Replacing a CR2032 Snes Cart Battery




Introduction: Replacing a CR2032 Snes Cart Battery

First off, you will need these tools.

Soldering Iron.  Best if its mounted in a stand, with a tip cleaning sponge, or some other form of tip cleaner.
Solder spool (60/40 rosin core)
Flux (probably not required here, but handy to have.)
Solder wick or Solder sucker.
Diagonal cutters.
3.8mm game bit + driver.
CR2032 battery
CR2032 battery holder. (Harwin Inc. S8421-45R, available at Digikey or mouser.)
SNES game cartridge which needs its battery replaced. :)

Step 1: Taking the Game Cart Apart.

Remove the screws, and set them aside.  When this is accomplished, remove the game cart pcb, and set the case aside.

If the battery is not yet dead, and there is a save still present, if you have a retrode, now is the time to make a backup of this save. :)

Step 2: Removing the Original Battery

If you have not already done so, plug in the soldering iron, and wait for it to heat up.  When that is done, you may proceed to remove the battery.

The method I use to do so, is to heat up the smaller negative tab, and when it is hot enough, pull on the battery to release it.  Repeat the process with the positive tab.

If you are lucky, the holes will be cleared of solder, and you can proceed to the next step.  If not, that is where the wick or your solder sucker tool will come in handy.  Get the holes cleared out.

Step 3: Modding the Battery Holder.

Now we have to work on the battery holder.  I uncovered from the data sheet, that the inner edges from pad to pad, was exactly 18mm, the same distance as the original tabbed battery.  Also, the height is just low enough to fit in an snes or super famicom game cart.

Since this holder is originally a surface mount part, we just have to make a few tweaks to make it a through-hole part, suitable for this application.

First off, we want to straighten both the positive and negative terminals.

Once we are done that, the next step is to clip a little bit off of the negative terminal using your diagonal cutters.  (The positive does not need to be clipped, as it is 2.8mm wide.  The negative unfortunately is 1.8mm wide, just 0.3mm too wide to insert as is.)

Step 4: Mounting the Battery Holder

Now, mount the battery holder in place, and solder it in place.  If this is your first time soldering, it is advised you practice on something else, and read up on various soldering tutorials.

Step 5: Inserting New Battery and Putting the Game Cart Together.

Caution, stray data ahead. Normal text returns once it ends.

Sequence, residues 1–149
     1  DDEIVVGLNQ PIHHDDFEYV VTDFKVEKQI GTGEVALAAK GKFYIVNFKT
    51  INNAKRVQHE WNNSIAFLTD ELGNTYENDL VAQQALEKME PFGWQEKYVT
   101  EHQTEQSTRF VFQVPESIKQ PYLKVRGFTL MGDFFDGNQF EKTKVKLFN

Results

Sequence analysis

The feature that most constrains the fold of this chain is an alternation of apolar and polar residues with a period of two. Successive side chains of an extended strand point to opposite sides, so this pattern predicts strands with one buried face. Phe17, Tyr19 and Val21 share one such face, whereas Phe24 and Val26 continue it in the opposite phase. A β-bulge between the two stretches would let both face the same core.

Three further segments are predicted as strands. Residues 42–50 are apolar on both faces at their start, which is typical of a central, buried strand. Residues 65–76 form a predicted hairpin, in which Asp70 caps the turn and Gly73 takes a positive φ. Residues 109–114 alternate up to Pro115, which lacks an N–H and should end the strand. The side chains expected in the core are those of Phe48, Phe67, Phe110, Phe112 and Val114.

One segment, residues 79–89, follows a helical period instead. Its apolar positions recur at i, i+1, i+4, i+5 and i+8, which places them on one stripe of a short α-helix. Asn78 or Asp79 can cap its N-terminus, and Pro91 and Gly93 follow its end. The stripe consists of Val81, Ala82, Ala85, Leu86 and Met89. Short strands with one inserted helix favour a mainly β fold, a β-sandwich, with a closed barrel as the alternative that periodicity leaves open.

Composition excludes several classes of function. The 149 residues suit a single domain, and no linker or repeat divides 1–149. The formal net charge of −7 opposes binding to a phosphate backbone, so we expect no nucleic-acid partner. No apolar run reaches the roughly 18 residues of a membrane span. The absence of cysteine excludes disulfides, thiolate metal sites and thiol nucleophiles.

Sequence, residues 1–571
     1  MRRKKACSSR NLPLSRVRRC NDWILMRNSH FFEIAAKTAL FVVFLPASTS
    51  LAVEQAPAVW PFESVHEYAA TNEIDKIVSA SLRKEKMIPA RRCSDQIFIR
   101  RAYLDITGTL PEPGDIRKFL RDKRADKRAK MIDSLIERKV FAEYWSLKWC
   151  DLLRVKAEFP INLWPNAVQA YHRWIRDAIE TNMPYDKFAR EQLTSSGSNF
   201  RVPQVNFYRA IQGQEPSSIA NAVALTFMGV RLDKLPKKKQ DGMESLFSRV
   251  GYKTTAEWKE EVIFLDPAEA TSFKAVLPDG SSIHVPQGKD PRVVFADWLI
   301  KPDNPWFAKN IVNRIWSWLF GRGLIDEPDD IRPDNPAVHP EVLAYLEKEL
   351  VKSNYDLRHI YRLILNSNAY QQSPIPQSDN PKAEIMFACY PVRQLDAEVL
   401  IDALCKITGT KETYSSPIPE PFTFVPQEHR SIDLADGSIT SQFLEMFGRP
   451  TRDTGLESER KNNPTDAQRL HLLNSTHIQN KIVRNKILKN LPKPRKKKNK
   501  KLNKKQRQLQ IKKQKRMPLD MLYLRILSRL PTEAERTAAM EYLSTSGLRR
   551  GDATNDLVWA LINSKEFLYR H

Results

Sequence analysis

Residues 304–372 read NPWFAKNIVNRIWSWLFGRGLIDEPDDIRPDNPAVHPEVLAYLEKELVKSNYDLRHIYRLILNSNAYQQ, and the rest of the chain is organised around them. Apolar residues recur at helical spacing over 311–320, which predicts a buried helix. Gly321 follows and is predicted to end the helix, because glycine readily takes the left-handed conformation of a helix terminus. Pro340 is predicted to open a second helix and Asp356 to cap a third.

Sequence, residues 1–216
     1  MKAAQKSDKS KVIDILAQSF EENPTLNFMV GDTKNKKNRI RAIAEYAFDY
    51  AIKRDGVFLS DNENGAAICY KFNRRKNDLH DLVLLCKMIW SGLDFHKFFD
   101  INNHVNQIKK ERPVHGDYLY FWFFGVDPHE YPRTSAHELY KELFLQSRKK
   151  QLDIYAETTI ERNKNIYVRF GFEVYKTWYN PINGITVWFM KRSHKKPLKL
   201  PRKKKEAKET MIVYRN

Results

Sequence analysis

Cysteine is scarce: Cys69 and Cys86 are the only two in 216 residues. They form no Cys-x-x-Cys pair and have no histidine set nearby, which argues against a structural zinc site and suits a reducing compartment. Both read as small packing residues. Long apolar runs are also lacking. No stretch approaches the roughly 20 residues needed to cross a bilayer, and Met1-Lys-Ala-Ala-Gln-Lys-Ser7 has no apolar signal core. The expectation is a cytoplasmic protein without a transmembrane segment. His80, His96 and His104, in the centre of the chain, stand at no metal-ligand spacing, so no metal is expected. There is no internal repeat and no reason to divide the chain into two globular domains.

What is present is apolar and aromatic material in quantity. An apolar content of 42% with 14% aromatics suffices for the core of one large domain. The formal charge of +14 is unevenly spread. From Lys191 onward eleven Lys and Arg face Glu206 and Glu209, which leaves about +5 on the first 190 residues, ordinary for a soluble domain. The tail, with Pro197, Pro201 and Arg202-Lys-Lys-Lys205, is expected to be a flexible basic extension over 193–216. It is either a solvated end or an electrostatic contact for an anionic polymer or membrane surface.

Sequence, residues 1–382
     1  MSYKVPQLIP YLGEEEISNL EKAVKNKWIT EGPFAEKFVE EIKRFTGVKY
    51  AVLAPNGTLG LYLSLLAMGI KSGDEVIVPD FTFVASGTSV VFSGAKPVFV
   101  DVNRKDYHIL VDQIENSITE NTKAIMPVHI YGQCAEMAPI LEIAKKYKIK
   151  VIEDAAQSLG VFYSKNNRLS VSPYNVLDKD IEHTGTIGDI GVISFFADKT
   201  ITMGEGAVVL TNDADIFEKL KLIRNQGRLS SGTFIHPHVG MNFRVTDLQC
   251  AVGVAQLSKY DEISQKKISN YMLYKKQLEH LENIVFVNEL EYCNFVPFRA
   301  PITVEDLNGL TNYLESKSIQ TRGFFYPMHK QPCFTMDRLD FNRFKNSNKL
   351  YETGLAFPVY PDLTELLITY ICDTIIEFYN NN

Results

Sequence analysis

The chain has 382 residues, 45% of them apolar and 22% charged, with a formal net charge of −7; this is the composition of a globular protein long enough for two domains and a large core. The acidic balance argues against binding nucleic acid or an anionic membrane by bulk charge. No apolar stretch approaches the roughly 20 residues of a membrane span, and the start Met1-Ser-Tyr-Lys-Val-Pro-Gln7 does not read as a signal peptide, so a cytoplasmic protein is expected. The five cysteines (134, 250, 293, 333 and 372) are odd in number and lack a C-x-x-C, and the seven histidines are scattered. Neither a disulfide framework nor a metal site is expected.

Now, once the battery holder is soldered in, wait for it to cool down, then insert the CR2032 battery, so that the positive side faces up.

Then, put the game cart back together.

If you have previously made a backup of your save with a retrode, back in step 1, now is the time to restore it. :)

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    Question 3 years ago on Introduction

    Quick question reguarding the Soldering, can a person use 97/3 Rosin Core Solder in place of 60/40?

    Jack A Lopez
    Jack A Lopez

    Answer 3 years ago

    Well, I think it will work, if your soldering iron gets hot enough to melt that kind of solder.

    The Wikipedia article for, "Solder", has a big table of a zillion, erm... maybe a hundred or so, different kinds of solder alloys, along with their melting points and notes on what they're commonly used for. Uh, here:

    I am not sure about your 97/3. 97% tin? 3% antimony? copper? Is it solder intended for plumbing, like for putting copper pipe fittings together?

    I dunno. I stand by what I said initially. The proof is in actually trying to solder stuff with it.


    Reply 3 years ago

    97 being the Tin/Copper percentage and the 3 is for the rosin core and it is for electrical use

    Jack A Lopez
    Jack A Lopez

    Reply 3 years ago

    There is an idiom for this occasion, or maybe it is a cliché, since it gets used so often:

    Your mileage may vary. (YMMV)

    This idiom was invented in my home country, the Former United States, by an unlikely institution, the United States Environmental Protection Agency (US-EPA). In its original context, it was bureaucratic boilerplate, on the topic of fuel mileage estimates. You can read about that here,

    The meaning of YMMV has been generalized since then, so it now works for a wide variety of conversational circumstances, especially for discussions about howtos, or plans, or recipes, especially in regard to the question of substitutions in those recipes.

    My definition, of YMMV:

    "Yes. You can substitute your thing, in place of the thing specified by the recipe, and I think that will work, but at the same time, I will not promise that it will work, or that it will work as well as, the thing specified by the recipe."


    7 years ago

    Does it work the battery replacement ? In nes cartrides as well?


    8 years ago on Introduction

    Thanks for the instructions! Used them to make a video.


    10 years ago on Introduction

    After seeing so many people solder the battery directly, it's nice to see someone use their brains and put a battery much safer...

    Good job!